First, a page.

It’s Not Paranoia If They Really Are Out to Get You!

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“People want more efficient government services, like smart cards to help them through airport security faster, but they balk at the idea of giving up their privacy to obtain those services. Citizens reach a threshold where they draw the line between individual freedom and the government’s ability to know more about what they’re doing.”
–David McClure,
VP of e-Government
Council for Excellence in Government

My questions:

1) Why do people balk at providing personal information to the government?

They give their info to corporate websites, who then sell it to the likes of ChoicePoint & Lexis Nexis. The government, however, doesn’t sell information to data miners.

2) Why do people think they deserve privacy?

3) What are their reasons?

4) Where is the tradeoff between privacy and security and convenience?

Here’s my cut. If you aren’t doing anything wrong, what’s the big deal? Why is the ACLU up in arms about this stuff? Seems like the only folks that care about this are the ones that have stuff to hide.

The technologies are available to make bio-metric and DNA identification a reality. Terrorists and bad guys can’t fake it. Identity theft would become a thing of the past.

I can understand concerns about the security of the information. How can we guarantee security of the databases? How do we defend against hackers? These are legitimate questions, and the answers are being worked hard. If there is one thing that the Government takes seriously, it’s protecting information (except for some presidential aides that sneak sensitive material out of secure areas in their socks).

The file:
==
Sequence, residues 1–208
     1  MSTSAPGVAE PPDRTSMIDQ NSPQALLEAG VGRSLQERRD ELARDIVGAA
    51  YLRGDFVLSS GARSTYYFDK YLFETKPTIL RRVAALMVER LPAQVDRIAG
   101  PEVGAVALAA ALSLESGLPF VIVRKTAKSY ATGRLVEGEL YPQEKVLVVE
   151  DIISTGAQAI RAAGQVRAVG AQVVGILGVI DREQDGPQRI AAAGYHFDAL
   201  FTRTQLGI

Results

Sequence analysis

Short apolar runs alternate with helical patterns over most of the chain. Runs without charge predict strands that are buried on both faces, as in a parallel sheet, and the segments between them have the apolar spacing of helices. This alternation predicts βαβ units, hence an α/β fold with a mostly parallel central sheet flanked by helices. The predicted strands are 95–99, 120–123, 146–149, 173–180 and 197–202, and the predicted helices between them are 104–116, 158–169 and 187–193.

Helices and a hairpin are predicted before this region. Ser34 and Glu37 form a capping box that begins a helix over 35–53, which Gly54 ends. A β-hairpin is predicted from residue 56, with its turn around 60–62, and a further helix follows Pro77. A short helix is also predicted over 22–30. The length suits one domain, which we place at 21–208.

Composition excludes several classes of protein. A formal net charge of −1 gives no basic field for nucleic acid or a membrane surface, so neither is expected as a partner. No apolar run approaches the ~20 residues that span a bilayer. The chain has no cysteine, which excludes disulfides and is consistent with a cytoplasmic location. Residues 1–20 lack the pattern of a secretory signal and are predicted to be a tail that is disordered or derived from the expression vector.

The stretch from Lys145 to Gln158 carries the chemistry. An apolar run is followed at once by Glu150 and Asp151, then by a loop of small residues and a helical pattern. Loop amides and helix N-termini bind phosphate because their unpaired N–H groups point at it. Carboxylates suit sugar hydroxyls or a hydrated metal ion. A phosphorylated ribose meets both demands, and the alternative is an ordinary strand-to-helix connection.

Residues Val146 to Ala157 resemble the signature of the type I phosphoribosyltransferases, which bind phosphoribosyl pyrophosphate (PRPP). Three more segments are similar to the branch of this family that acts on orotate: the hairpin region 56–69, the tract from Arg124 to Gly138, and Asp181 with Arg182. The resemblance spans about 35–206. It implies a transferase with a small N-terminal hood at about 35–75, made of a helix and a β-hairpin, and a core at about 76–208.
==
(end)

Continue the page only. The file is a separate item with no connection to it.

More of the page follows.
What I don’t get are the conspiracy theorists that harp on the “what if” scenarios. What if the government turns bad? What if the Nazis come back into power?

The opening statement of this post says it all. We give up our privacy freely to private organizations without any fear of the information coming back to bite us. We throw our most sensitive information (social security numbers, bank account, and credit card numbers) around the internet just so we don’t have to drive 30 minutes to the nearest Borders for that new book we want. We sign up for Google G-mail because it has some cool functionality, but pay no mind to the fact that they scan and save every single email you send. [ For further info on Google and G-mail, check out this link. If you want an invite for a G-mail account, let me know. I’ve got plenty of invites left! ] But as soon as the Government wants a little info to help track down bad guys or profile suspicious behavior patterns, we scream foul. Why the double standard?

C’mon… tell me why we shouldn’t be doing this.

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One Response to “It’s Not Paranoia If They Really Are Out to Get You!”

  1. Al Sturgeon Says:

    I’m not nearly as careful as people tell me I “should” be with personal information – probably because I’ve never been hurt, so I, too, don’t get too up in arms about providing information to either government or corporate America.

    I would insist on equality and no double standards, however. If I’m asked to provide information, it should be the same information everyone is asked to provide (not because of my race, religion, etc.).

    And I suspect there are some real fears to consider since the government does have “extra” power over an individual (e.g. we want to put a road where your family home stands; Wal-Mart can pressure me, but they can’t make me move!), and because of it’s capacity for secrecy (e.g. I’m a citizen, what’s the CIA doing? Well, that’s classified.)

    Not making many real points here – just talking…

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